pollution. FoEN urges its sister organisations in countries with
offshore petroleum industry to follow up the issue with their respective
national authorities.

The extent of PFOS discharges by the oil industry has been kept a secret
until recently. This summer the Norwegian Pollution Control Authority
(SFT) collected information from oil companies operating in Norwegian
waters on their use of PFOS. The material from this survey was made
available for FoEN to analyze

The multinational company 3M was the main producer of PFOS, but
abandoned production in 2003 due to the health and environmental risks

The regional fire-fighting foam distributor, Norwegian company Solberg
Scandinavian, last year declined to have talks with FoEN.

Facts and figures

Based on the available documentation from SFT, the oil industry in
Norwegian waters alone discharged a total of up to 7,5 tons PFOS
annually. This matches closely the sum of all currently known use of
PFOS within the EU (i.e. land-based use. No statistics are available for
offshore use.)

FoEN calculated that historical and ongoing emissions from each oil
field amount to around 100 kg PFOS per year.
The highest documented
average annual discharge is 400kg PFOS from Statoil’s “Gullfaks A”. In
addition FoEN suggests that ConocoPhillip’s huge Ekofisk field might
have had even higher emissions.

Estimated historical discharge by operator in Norway
(in kilograms of pure PFOS):

Statoil 44508
Hydro 12682
Shell 1215
BP 3701
Total 6885
Exxon 1150
Talisman 149
ConocoPhillips About 12000

FoEN expects the above figures to increase when information on the use
of PFOS at oil fields now closed and land-based installations in Norway
will be released . The present total of about 80 tons PFOS has been
spread from the operators’ 45 oil fields located offshore along Norway’s
west coast close to important fishing and spawning grounds.

Alarmingly, 17 tons of PFOS are still stored at the oilrigs for future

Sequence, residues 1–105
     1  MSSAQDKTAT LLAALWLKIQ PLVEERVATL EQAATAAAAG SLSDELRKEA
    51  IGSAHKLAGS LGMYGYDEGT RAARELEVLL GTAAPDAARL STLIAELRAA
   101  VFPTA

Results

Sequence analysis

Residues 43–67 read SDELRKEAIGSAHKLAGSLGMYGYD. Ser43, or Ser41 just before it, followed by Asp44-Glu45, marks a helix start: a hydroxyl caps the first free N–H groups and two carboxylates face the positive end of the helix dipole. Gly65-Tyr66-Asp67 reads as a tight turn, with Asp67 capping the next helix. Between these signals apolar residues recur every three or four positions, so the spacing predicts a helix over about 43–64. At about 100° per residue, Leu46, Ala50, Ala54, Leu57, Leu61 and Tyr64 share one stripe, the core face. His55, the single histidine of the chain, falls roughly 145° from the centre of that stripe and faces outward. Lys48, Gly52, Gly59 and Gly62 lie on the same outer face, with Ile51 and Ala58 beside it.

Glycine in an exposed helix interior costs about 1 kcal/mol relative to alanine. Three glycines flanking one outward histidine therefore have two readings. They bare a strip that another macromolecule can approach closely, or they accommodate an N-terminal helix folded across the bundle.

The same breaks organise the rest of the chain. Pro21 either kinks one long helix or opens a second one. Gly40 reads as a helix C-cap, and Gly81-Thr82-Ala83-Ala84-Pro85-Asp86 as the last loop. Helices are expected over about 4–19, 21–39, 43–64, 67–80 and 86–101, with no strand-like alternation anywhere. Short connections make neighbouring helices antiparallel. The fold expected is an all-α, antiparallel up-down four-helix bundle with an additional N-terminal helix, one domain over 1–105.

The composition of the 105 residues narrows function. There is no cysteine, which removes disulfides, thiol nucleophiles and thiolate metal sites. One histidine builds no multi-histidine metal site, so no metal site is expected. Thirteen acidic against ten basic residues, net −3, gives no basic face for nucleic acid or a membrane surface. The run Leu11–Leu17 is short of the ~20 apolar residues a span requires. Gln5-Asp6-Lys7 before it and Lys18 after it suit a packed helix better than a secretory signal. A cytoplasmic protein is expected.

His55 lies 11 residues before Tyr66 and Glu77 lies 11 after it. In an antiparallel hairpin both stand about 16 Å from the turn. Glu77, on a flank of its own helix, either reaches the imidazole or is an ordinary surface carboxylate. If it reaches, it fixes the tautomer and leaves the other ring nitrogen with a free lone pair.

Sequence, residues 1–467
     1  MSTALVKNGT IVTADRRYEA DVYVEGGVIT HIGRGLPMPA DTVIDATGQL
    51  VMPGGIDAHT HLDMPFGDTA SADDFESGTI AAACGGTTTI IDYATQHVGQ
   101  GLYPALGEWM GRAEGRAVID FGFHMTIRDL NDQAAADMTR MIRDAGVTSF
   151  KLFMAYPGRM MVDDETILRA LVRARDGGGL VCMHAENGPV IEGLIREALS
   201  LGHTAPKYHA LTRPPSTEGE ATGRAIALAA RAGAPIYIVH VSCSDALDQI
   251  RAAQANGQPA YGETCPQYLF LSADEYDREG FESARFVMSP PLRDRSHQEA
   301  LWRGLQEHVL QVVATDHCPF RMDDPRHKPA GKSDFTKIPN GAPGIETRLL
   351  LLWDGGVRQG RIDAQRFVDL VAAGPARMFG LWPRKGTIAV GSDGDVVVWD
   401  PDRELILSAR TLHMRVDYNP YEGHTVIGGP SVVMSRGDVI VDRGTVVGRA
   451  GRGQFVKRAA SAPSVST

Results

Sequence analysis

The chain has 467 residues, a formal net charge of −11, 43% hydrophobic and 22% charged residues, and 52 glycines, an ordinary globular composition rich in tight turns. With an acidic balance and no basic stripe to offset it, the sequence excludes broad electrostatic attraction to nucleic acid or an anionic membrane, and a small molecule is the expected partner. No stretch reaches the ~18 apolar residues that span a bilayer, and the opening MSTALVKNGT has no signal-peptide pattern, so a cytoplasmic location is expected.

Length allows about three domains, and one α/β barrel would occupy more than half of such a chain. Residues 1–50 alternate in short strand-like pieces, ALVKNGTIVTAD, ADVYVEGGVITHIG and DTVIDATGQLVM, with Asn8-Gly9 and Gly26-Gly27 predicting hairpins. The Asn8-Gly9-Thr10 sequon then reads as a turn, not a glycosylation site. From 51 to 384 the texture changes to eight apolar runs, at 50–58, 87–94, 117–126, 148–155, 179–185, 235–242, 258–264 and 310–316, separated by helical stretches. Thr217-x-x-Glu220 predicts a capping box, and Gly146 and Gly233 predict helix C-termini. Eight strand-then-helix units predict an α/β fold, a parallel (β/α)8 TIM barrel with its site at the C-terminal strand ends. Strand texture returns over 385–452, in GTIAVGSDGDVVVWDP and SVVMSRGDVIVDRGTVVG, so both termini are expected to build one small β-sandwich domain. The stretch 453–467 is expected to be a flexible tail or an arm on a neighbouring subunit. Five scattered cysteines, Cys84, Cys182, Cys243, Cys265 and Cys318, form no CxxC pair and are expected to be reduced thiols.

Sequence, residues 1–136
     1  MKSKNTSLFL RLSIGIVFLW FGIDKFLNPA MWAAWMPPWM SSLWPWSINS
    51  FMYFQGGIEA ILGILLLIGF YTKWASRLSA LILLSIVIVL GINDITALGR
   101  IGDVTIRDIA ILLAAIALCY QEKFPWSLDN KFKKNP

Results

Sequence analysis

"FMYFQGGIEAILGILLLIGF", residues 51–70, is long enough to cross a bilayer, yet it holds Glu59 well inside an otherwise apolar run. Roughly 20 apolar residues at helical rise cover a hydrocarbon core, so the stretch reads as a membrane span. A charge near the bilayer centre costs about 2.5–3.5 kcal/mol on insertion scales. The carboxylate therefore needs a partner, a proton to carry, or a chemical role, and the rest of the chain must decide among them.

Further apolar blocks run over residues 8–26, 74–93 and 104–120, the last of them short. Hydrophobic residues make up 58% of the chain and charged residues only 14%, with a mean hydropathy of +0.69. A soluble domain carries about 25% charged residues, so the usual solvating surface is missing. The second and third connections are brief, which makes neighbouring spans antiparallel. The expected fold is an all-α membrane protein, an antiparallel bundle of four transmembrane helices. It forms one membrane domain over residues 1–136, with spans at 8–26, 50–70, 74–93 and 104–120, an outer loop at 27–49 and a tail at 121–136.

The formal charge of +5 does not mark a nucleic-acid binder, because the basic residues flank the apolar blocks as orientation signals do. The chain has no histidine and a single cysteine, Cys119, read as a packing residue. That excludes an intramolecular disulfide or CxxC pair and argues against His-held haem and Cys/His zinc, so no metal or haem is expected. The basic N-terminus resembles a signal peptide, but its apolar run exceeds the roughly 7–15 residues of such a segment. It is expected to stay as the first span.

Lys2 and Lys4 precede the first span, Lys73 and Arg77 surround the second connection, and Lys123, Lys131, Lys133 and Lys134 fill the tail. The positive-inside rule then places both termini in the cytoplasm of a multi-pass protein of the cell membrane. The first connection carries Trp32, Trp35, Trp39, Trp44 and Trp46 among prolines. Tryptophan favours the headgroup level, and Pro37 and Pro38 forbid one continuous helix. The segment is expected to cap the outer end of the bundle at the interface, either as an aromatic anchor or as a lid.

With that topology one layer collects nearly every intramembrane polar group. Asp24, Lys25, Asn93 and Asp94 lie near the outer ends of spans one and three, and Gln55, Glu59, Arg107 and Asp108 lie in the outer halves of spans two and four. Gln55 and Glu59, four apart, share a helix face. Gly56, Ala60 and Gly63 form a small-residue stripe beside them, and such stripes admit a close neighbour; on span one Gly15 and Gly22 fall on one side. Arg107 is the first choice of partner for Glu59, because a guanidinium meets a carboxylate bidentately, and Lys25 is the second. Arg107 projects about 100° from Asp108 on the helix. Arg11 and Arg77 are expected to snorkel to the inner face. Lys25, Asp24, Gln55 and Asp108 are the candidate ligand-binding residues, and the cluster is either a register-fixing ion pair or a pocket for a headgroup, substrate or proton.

use and discharge.

In comparison it should be noted that in a recent risk assessment report
by the UK Environmental Agency, the total EU emissions of PFOS from
fire-fighting foams to water from land-based sources were estimated to
285 kg per year. No estimate on offshore sources has been available
until now.

Health and environmental risks

PFOS meets all the criteria for being classified as a POP (Persistent
Organic Pollutant with the potential for long range transport) and a PBT
substance (Persistent, Bio accumulating and Toxic). This means that the
industry and the national governments have an obligation to act with
zero emissions as the target.

PFOS’s demonstrated ability to cause dramatic reproductive and
developmental effects in second and third generation is only one reason
for concern. Even small amount of PFOS can cause liver enlargement,
abnormal cell function, wasting syndrome (loss of appetite followed by
rapid weight loss), delayed brain development, with adverse effects on
the nerve system and death as the final outcome.

Recent risk evaluations by the US, UK and Sweden environmental agencies
regard PFOS as posing an unacceptable health risk to humans and marine
life due to secondary poisoning (poisoning through the consumption of
contaminated fish and other marine food).

The Swedish Chemicals Inspectorate has evaluated the levels of PFOS in
European human blood serum to be exceeding the safe limits.

-- END --

Fluoride Action Network | Pesticide Project | 315-379-9200 |